Angus Cameron (publisher)

Donald Angus Cameron (December 25, 1908 – November 18, 2002), publicly known by his middle name, was an American book editor and publisher. Cameron scored his first success handling The Joy of Cooking by Irma Rombauer for Indianapolis publisher Bobbs-Merrill Company in 1936. He moved to Little, Brown and Company in 1938.

Angus Cameron
Born
Donald Angus Cameron

(1908-12-25)December 25, 1908
DiedNovember 18, 2002(2002-11-18) (aged 93)
NationalityAmerican
Alma materDePauw University
EmployerBobbs-Merrill, Little, Brown, Cameron & Associates, Knopf
Known forDiscovering J.D. Salinger, publishing Harvey Matusow
Notable work
Publishing of The Joy of Cooking , Catcher in the Rye, False Witness
Spouse(s)Sheila K Cameron
Children2

While editor at Little, Brown, Cameron was responsible for the promotion of then-unknown writer J. D. Salinger, controversial poet Ogden Nash, and various left wing authors including Lillian Hellman, Howard Fast, and Carey McWilliams. In 1947 the politically radical Cameron became a public target of red-baiting led by historian Arthur Schlesinger, Jr. over Little, Brown's refusal to publish Animal Farm by George Orwell. He was ultimately forced out at Little, Brown in 1951 over controversy surrounding the proposed publication of Communist author Howard Fast's novel Spartacus.

Following his departure from Little, Brown, Cameron found himself blacklisted from the mainstream publishing industry due to the pervasive climate of McCarthyism. In 1953 Cameron formed his own left wing publishing house, Cameron Associates, later joining forces with radical publisher Albert E. Kahn to launch the publishing house Cameron and Kahn. The blacklisting of Cameron ended only in 1959 when New York publisher Alfred A. Knopf hired him as a senior editor.

BackgroundEdit

Donald Angus Cameron, known as "Angus," was born to a Scottish-American family in Indianapolis, Indiana, on December 25, 1908.

Following his graduation from high school, Cameron attended DePauw University in Greencastle, Indiana, from which he graduated with honors in History and Political Science in 1930.[1] While at DePauw Cameron was introduced to radical political ideas, attending meetings of the Communist Party-affiliated John Reed Club.[2] Although sympathetic to those who thought communism might be the answer to the devastation of the Great Depression, Cameron never joined the Communist Party, according to his biographer, Jonathan Coleman.[2]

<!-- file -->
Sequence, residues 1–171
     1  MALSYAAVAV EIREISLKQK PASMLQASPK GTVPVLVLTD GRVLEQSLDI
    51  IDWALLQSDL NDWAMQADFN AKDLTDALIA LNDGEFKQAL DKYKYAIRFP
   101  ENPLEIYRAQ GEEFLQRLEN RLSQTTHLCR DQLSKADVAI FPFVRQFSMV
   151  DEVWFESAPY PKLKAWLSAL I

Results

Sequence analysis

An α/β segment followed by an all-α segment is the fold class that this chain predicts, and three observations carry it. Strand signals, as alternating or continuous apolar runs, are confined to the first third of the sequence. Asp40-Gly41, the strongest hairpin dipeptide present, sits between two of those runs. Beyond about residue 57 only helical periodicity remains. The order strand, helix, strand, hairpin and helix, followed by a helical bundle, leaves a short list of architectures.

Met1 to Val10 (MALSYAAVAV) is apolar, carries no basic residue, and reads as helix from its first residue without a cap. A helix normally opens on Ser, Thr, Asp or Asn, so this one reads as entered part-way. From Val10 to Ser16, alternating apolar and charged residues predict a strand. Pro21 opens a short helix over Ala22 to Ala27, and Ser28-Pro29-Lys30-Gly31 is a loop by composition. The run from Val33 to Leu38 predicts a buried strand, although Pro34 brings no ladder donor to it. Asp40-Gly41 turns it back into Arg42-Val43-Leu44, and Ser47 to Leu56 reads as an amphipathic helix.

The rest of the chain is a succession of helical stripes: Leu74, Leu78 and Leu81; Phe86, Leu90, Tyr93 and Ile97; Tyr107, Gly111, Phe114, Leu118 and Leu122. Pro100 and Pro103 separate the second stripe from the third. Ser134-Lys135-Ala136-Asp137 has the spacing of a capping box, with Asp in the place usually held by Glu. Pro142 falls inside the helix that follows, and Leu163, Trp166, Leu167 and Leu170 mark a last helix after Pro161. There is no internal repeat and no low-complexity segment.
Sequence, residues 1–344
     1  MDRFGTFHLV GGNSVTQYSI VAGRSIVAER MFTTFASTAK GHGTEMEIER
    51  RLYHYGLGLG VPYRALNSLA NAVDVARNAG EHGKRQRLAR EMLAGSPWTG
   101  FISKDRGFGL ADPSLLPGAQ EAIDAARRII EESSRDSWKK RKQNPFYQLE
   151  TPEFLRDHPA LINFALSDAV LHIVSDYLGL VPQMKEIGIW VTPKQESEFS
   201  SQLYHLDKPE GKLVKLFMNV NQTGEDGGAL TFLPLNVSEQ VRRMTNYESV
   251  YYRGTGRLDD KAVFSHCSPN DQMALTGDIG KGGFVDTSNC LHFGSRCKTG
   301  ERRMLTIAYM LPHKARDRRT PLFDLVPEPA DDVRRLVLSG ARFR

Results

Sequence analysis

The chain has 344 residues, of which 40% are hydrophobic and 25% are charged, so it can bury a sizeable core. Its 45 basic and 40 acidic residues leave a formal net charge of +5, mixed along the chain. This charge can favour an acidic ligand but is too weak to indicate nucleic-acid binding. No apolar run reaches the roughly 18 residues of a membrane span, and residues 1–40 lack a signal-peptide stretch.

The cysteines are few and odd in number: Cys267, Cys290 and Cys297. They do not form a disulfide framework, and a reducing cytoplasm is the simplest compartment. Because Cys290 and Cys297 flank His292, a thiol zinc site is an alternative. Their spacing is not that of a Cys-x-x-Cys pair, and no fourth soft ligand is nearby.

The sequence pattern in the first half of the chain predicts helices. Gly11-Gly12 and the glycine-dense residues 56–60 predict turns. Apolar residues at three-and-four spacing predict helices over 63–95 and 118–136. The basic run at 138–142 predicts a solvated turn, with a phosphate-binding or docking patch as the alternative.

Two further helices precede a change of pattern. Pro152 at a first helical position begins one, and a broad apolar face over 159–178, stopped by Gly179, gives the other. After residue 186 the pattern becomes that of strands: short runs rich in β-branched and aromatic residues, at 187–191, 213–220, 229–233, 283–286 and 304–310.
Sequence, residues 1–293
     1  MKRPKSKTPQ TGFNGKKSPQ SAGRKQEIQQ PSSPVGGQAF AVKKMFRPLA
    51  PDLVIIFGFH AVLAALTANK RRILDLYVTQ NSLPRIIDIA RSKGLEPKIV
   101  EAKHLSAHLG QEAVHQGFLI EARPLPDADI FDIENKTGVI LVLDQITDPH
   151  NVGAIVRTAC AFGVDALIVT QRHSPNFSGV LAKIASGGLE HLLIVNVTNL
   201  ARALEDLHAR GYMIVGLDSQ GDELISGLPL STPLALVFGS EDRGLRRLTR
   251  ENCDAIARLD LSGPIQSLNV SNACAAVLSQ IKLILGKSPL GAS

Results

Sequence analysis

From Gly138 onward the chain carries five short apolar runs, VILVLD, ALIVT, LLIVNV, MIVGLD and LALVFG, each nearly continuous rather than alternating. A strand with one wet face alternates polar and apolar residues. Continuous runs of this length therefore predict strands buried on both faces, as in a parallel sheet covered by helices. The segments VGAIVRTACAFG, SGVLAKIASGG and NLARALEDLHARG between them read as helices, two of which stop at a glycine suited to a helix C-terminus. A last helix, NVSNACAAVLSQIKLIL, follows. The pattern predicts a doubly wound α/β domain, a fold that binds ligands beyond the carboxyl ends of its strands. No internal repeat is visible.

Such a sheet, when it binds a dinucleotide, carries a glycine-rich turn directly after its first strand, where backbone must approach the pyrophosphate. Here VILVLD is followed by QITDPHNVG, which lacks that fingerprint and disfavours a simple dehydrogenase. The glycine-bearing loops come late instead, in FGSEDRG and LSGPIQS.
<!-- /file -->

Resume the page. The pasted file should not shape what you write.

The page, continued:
CareerEdit

After graduation Cameron worked briefly as a salesman for a soft drink and candy company, discovering an affinity as a salesman.[1]

Bobb-MerrillEdit

Cameron took a job with Indianapolis publisher Bobbs-Merrill Company, working as a book editor.[2] It was there that he edited the self-published cooking manual The Joy of Cooking by Irma Rombauer — a book which became a massive best-seller in the United States and around the world.[2]

Little, BrownEdit

In 1938 Cameron moved to Little, Brown and Company. At Little, Brown Cameron edited young novelist J. D. Salinger, where he was credited for helping to persuade the elusive Salinger to allow publication of his photograph on the dust jacket of the first edition of his seminal novel Catcher in the Rye.[2]

Cameron was a rising star as an editor at Little, Brown and in 1943 was named the company's editor-in-chief and vice president.[1]

McCarthyismEdit

In 1947 historian Arthur Schlesinger, Jr., author of the Little, Brown-published survey, The Age of Jackson, brought a copy of British writer George Orwell's bitter anti-Stalinist allegory Animal Farm in to the publisher for consideration.[2] When the book was rejected by Little, Brown, the anti-Communist Schlesinger held Cameron responsible, beginning a campaign for his removal.[2]

Schlesinger wrote in protest against Cameron to the head of Little, Brown and inspired the American Legion, conservative newspaper columnist George Sokolsky, and the anti-Communist weekly Counterattack to focus upon the editor.[3] Counterattack listed 31 authors from Little, Brown's stable as "fellow travelers" and intimated that the entire publishing house was little more than a "Communist front."[1] The publication's entire August 31, 1951, edition was dedicated to an effort to expose the purported radical sympathies of the firm.[3]

The attack by Counterattack was preceded by public testimony on August 22, 1951, by former Daily Worker editor Louis Budenz before the United States Senate Internal Security Subcommittee asserting direct knowledge that Cameron was a member of the Communist Party.[3] This provided the impetus for a meeting of the Little, Brown board of directors dedicated to Cameron and his plans to publish the novel Spartacus by Communist author Howard Fast.[3] LIttle, Brown instructed Cameron to clear all his outside political activities with the company.[3] Asserting that such a restriction was one which "no free publishing house ought to require of its editor," Cameron refused, instead resigning his position as editor-in-chief of the firm.[3]